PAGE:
Converse is one of the oldest market leaders in footwear industry. As the American brand is all up to spread its wings across the globe, we bring in the different kinds of converse shoes available.
Converse has really come a long way from the Massachusetts-based rubber shoe making company in the early days to be one of the world’s most famous brands. Converse through the years has risen from being a small time business to a global brand name. All thanks to the introduction of all star basketball shoes in 1917 that revolutionized the company. Chuck Taylor, who is a household name today, joined Converse in 1921 and continued to serve the company till 1968, after spearheading the company’s campaigns, which saw Converse become the largest sneaker manufacturer in US, with a market share of over 80%.
Though with the Second World War, Converse also diversified into military shoes and stuff, the sneakers and sports shoe business was its stronghold. It continued to rule the national scene up until 1970s, when companies like Puma, Adidas, Nike and Reebok entered the fray. The situation hit the low point when Converse had to file for bankruptcy in 2001. However despite a series of financial scuffles, Converse, today a part of the Nike stable, has outgrown its domestic market and spread worldwide. Nike has moved the production and distribution of converse shoes to international areas. In the following lines, we have introduced the various Converse models, so that you can make up you mind before buying.
Different Kinds Of Converse Shoes
The Chuck Taylor 'All Star' Basketball Shoes
The signature brand from Converse was launched in 1917, but the name was just Converse ‘All Star’ basketball shoes. It was a smart design with canvas being used as the material. The shoe was a mediocre hit initially. It was after the association of a young basketball player Chuck Taylor that the company really took off. With Chuck’s inputs, the shoes were modified a bit. Impressed by the results, Chuck himself became the leading salesman of the brand. With his charm, charisma and great design factors, the ‘All Star’ model became the choice of every basketballer.
Chuck Taylor’s signature was added to the ankle ‘All Star’ patch in 1923, and has continued ever since then. The shoe was modified in many ways with low top and knee length version also coming in, but the most popular is still the old canvas in black, with ‘All Star’ high at top. Though the shoes are seldom used as sports shoe today; they have gained an iconic status in style and fashion industry. Worn by millions around the world; ‘All Star’ is synonymous with Converse and rock music in many parts of the world.
Converse Jack Purcells
Former world badminton champion, Jack Purcell designed a canvas and rubber badminton sneaker, for the B.F. Goodrich Company of Canada, in 1935. The aim was to provide more protection and support for the feet on badminton courts. In the 1970s, Converse purchased the trademark rights to produce Jack Purcell sneakers, which is still in production today. The sneakers are similar in appearance to Converse's Chuck Taylor ‘All-Stars’, but can be distinguished by the signature "smile" across the toe. Converse "Jack Purcells" are still popular, but more for their vintage fashion appeal, than athletic use.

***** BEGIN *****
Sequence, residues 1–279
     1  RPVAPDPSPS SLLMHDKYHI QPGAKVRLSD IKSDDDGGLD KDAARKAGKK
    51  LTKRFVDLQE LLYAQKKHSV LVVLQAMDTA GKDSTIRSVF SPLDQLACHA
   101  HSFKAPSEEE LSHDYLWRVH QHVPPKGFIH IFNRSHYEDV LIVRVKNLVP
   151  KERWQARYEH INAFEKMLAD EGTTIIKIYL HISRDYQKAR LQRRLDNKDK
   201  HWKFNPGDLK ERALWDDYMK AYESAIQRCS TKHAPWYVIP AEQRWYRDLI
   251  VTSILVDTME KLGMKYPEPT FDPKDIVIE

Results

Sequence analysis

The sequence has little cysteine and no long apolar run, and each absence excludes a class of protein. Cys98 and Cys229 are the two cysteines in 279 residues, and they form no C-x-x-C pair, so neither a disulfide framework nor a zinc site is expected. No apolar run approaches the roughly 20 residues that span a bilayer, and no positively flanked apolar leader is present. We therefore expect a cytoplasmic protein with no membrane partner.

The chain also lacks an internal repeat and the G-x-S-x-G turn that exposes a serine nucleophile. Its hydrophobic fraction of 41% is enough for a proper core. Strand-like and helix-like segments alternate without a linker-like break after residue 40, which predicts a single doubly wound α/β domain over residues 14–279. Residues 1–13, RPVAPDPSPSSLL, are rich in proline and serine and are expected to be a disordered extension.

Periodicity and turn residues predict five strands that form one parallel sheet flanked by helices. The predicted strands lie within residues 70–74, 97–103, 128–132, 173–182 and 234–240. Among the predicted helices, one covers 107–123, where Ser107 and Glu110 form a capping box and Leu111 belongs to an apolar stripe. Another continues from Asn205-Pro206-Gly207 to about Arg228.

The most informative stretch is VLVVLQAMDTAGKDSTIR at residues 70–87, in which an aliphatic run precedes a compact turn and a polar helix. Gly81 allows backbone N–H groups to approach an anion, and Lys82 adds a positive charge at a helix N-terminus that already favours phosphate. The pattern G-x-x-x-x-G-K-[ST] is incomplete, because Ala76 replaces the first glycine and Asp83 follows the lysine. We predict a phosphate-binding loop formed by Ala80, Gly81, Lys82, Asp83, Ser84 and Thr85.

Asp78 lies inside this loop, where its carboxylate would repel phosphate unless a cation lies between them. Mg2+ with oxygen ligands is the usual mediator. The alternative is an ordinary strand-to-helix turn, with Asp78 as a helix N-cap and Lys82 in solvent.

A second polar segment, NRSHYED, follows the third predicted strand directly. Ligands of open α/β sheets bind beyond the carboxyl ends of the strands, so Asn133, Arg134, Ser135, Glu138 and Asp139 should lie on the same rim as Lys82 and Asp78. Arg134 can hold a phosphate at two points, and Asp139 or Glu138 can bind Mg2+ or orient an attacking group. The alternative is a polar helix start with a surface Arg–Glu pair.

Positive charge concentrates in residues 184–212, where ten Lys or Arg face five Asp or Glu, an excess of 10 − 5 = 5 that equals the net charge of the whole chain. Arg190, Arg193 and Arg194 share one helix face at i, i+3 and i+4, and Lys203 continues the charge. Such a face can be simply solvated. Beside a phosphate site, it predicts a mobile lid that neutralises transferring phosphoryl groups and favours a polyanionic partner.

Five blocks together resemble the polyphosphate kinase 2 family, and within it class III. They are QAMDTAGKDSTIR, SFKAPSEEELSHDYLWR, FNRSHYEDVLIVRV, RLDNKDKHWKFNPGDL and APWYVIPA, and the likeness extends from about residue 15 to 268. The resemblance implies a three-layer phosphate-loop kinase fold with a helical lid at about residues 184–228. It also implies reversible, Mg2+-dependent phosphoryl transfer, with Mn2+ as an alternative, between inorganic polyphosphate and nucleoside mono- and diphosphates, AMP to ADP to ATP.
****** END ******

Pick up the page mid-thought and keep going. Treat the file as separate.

Converse By John Varvatos
John Varvatos is an American contemporary high fashion menswear designer from Detroit, Michigan. In 2001, John was licensed to create a line of high-end Converse ‘All-Star’ shoes for the fall/winter season that year. The designs were so popular that they have continued to acquire his talents to this day. His designs are used for the younger, edgier John Varvatos USA collection. It contains some very premium shoes and designer models.
Converse Product RED
Product RED is an initiative which was initiated by U2 front-man Bono and Bobby Shriver of DATA, to raise money for the Global Fund to fight AIDS, tuberculosis and malaria. Converse is one of the partner companies of this venture. As a part of the initiative, Converse continues to manufacture an exclusive line of shoes made from African mud cloth. The shoes also symbolize a sense of charity for the owners with the tag line reading “Paint A Better Picture”
Converse One Star
Starting in 2008, Converse collaborated with Target to produce the Converse ‘One Star’ range. This venture resulted not only in the production of footwear, but also apparels. The ‘One Star’ is available very cheaply as compared to ‘All Star’ and other collections. A genuine complaint is the lower quality of materials used in ‘One Star’ which makes it cheaper to sell.
Apart from these main versions, Converse provides many more design lines. Some of them are limited addition, while others have been there for years. There are few lines of converse shoes like skate and sports authentics that have products that lie in different lines or crossbreds. Recently, Converse launched a vintage collection too.
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